HEHEHE's picture

One wonders how much of these sudden indictments are timed to draw attention away from the outrage over Goldman's bonus payments.

You Cant Handle the Truth's picture

Everybody should be asking the question:  why are we prosecuting a little fish for getting inside info WHEN GOLDMAN SACHS IS LIKELY MAKING $23 BILLION IN BONUSES FROM INSIDE INFO !!

Anonymous's picture

I would urge people to go to YouTube and watch Louis Reykeyser's Wall Street Week on oct 16, 1987 and then on Oct 23, 1987.

Marty Zweig stated on the 16th that he had been thinking collapse and was afraid to say it (and it wasn't going REALLY to happen for 64 hours after the taping) and a woman speaking for the brokerage business said there could be a dip, but things were great.

I think she is a producer now at CNBC...LOL

AN0NYM0US's picture

I just posted the link above

defender's picture

"The SEC began using computer software about two years ago"

Sounds about right to me...

JohnKing's picture

Sounds like they re-purposed some HFT stuff.

You Cant Handle the Truth's picture

Shocking revelations this week:  The SEC only recently discovered how to get and use wiretaps and computer analysis.

 

Anonymous's picture

Thanks. A good laugh to start the week.

cougar_w's picture

It took them all this time to find a FORTRAN IV programmer who could code to their new IBM 7090 mainframe.

That, and sourcing punch cards.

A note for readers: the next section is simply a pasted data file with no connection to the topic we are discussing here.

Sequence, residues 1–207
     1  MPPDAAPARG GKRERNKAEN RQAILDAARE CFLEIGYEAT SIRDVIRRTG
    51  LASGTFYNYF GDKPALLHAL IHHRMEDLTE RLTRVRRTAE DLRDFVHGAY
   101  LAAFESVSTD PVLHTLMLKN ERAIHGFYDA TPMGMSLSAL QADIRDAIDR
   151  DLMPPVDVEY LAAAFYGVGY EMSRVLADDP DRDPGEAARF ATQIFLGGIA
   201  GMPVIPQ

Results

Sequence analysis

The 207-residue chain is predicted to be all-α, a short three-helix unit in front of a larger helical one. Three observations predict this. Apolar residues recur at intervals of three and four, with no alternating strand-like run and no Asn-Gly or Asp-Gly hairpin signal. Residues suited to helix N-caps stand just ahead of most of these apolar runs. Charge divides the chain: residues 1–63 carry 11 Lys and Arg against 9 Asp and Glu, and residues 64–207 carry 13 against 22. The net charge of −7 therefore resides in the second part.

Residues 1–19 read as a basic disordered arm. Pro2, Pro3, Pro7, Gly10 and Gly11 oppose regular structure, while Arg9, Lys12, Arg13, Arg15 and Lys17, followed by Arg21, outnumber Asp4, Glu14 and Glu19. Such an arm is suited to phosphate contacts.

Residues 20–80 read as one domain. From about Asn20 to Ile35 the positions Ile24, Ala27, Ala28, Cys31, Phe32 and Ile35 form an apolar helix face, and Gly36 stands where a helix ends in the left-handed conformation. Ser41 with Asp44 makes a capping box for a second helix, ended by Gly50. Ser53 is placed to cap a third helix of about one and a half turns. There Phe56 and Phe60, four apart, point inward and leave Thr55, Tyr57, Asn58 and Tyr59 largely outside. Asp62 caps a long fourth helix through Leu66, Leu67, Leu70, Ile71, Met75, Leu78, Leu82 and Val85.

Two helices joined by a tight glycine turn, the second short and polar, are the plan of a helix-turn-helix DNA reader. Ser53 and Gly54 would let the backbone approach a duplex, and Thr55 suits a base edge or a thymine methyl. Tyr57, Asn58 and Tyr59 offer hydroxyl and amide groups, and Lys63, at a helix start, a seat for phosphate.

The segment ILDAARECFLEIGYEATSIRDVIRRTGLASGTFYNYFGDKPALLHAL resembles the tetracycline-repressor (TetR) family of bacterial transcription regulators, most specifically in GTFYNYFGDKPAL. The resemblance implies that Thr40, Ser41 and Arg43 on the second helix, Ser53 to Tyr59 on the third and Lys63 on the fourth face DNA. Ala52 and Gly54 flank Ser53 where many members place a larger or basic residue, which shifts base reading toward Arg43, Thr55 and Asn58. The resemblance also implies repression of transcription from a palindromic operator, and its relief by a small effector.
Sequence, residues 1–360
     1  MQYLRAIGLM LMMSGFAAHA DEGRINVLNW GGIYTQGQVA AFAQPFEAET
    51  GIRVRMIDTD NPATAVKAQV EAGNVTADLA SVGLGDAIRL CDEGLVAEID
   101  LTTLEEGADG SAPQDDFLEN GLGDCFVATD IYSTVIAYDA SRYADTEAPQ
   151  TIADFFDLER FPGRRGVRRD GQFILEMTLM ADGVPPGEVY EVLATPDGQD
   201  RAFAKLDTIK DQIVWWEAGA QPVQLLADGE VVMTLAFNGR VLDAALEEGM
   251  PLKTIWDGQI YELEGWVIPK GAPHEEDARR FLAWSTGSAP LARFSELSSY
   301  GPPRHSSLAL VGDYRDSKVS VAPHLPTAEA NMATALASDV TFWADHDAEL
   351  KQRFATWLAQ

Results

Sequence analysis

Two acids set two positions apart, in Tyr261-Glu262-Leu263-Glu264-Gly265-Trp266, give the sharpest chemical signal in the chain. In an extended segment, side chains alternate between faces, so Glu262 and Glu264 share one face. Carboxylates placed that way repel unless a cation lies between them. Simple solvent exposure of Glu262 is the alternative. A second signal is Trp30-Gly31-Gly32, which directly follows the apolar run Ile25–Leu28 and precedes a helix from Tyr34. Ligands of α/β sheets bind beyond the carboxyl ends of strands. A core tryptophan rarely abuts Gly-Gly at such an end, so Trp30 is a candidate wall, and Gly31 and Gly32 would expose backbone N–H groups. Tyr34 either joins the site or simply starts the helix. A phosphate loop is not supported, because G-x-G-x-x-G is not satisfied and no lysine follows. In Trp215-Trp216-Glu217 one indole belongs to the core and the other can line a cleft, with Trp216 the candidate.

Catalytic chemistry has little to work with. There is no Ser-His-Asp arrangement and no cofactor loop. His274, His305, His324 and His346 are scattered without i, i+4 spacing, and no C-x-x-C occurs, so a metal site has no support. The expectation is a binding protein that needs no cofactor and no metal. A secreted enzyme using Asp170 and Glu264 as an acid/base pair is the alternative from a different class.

But they're on it now. Oh yeah.

cougar

Anonymous's picture

Cramer's next...

Jendrzejczyk's picture

Perhaps the authorities will "Deep Capture" that perfect (G)assbag.

FischerBlack's picture

Am I the only one who thinks insider trading bans are stupid? The bans prevent asset prices from moving to their true value at the time that value changes. When is this ever a good idea? If everyone could just trade based on what they know, prices and price movements would trend smoothly ahead of major developments. They would reflect high-quality, important information much sooner. And with all the insiders scrambling to trade on their inside information, the profit-potential of that information to any one insider is degraded significantly. And it might even bring down the average pay of corporate insiders as it would be expected that part of their compensation will be tradeable insider information. I don't know, it just seems there are many reasons to consider getting rid of insider trading bans altogether. 

JohnKing's picture

I'm quite sure they got rid of insider trading bans some time ago. Things have gone very well ever since.

Please don't tell me about Martha Stewart or the occasional ding on some low-rung peon. Insider trading goes on unabated for the white shoe boys, they just call it "networking".

Anonymous's picture

i am certainly open to hearing argumentation to
both sides as i believe that insider trading is
the least of the problems in our financial system....
it is a vast distraction to the more insidious crimes
such as intentionally misrating securities to dupe
buyers; failing to regulate insolvent banks and
financial practices before they caused problems;
funneling money through aig to pay off goldman
sachs; funding bankrupt businesses; suspending
mark to market....etc etc....

the real problems are not being addressed but it
sure makes great theater to trot out the insider
trading spectacle to make it look like we are